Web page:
Thursday, June 15, 2017

Surf's up!

Wednesday evening and it was windy and cold.  Warm if it was January but for June 14th at 4C with a windchill of 0C it wasn't very seasonal.  Then with a NW wind of 20 knots gusting to 30 it was, shall we say, raw.

I arrived to see only Shane there concerned no one else would show.  I was already in my drysuit and here's Shane walking around in just jeans and a T-shirt.  I must have been exaggerating the conditions *lol*.

We got ready and headed out of the channel to face the wind and waves.

The idea was to paddle into the wind and waves for some distance before turning to catch surf rides back.  The first run was right into the teeth of the wind and uphill on the larger waves.  There's not much protection to hide from the NW wind but I knew it would be a short evening if I continued with that tactic.  So, from previous experience I paddled into the wind closer to shore and rest ...

... briefly between runs in this smallest of sheltered spots before heading back into the waves.

After an hour it seemed the wind was dropping slightly so Shane suggested a paddle up the shore some distance.  While the wind did drop some the sea state did not as we paddled close to the shoe in the waves and clapotis.

It was just the two of us.  I knew several other regulars had commitments but where was everyone else?  One of the objectives of Wednesday evening practices is to develop conditioning to paddle in challenging wind and waves when necessary.  The question then arises in my mind, do I have an obligation to tow anyone who doesn't see the need to put in the effort and suddenly find themselves in over their heads and unprepared to deal with the conditions?

Obviously, there is a need to tow in case of an injury.  But, I'd have to think long and hard otherwise.  Fair or not?


  1. My opinion... If I am going to leave the beach with other paddlers then I believe I have to be prepared and willing to tow anybody who may need to be towed, regardless if they are practicing or not in conditions, and regardless if they are able to tow me or not. If I am not prepared to tow them then I should turn around and go back home or paddle in the other direction. I guess what it comes down to is that when we paddle we should be selective in who it is we are inviting, or if being invited then decide if we are satisfied with whom we will be paddling with.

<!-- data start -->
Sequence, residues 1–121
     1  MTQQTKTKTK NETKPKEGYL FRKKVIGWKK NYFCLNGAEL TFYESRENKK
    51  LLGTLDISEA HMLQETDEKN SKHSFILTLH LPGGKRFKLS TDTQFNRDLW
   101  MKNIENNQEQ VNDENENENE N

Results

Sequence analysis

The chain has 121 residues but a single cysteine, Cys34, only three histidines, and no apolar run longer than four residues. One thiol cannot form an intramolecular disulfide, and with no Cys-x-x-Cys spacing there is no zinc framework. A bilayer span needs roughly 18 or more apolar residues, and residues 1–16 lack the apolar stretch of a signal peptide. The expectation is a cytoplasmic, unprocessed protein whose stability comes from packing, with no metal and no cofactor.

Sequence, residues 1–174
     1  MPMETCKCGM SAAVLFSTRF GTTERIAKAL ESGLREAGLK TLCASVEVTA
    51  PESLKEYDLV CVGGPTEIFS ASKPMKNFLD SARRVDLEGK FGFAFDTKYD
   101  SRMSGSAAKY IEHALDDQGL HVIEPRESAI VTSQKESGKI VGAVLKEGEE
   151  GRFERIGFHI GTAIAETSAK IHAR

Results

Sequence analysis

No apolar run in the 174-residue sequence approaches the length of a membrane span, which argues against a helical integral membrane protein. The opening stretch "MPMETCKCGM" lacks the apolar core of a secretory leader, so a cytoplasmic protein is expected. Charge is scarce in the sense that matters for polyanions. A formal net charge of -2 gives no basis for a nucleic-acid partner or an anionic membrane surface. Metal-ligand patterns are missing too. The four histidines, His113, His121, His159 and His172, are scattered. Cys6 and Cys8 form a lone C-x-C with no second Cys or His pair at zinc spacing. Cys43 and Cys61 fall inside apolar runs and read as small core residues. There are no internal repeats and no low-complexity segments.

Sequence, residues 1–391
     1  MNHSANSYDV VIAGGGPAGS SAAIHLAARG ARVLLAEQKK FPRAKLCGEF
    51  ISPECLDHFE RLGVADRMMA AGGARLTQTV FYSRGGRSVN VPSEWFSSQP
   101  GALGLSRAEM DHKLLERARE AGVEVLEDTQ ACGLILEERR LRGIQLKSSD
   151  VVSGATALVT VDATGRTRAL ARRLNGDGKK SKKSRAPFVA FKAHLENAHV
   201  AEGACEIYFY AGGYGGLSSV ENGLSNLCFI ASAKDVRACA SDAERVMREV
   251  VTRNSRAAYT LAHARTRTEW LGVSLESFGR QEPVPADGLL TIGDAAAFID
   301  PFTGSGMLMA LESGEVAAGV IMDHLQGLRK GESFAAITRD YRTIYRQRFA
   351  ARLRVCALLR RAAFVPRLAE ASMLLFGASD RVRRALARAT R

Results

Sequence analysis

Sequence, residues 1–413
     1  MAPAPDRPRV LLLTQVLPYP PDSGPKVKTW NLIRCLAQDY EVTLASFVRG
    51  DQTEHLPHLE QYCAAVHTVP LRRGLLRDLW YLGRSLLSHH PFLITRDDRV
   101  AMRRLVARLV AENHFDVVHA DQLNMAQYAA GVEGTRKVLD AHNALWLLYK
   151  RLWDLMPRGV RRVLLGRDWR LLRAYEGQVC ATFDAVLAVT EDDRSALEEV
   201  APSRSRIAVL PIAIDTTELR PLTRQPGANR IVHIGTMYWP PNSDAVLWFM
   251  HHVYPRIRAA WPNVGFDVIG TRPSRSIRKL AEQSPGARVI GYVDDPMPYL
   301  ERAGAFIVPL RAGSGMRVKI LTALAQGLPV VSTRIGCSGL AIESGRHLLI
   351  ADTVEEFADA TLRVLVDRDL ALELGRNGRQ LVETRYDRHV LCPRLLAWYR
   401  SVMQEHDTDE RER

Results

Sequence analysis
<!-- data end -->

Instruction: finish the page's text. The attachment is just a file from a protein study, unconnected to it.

My paddling motto is "we are all in this thing together." If I paddle with someone they would expect me to tow them if the need arises, and I would do it. In return I expect the people paddling with me to tow me if the need arises without having to think about it... that is a fair expectation. But in order to tow people have to have a tow rope. I see too many people paddling that don't have them, or have them but don't take them, or don't take proper tow ropes.

    If memory serves me correctly, on my last paddle only half the people had tow ropes. C'mon paddlers, get a proper sea kayaking tow system, learn how to use it, and practice towing with it...

    1. Of course I would be prepared to tow anyone where safety is concerned but as a last resort. I wouldn't be too quick to clip in. Rather, I'd slow to paddle alongside as support and encourage them to keep paddling. No pain, no gain!

      We don't always get the chance to pick who we paddle with as in, for example, club paddles.

      Yes we are all in this together but everyone needs to judge for themselves whether their skills are equal to the conditions, or expected conditions, before getting on the water.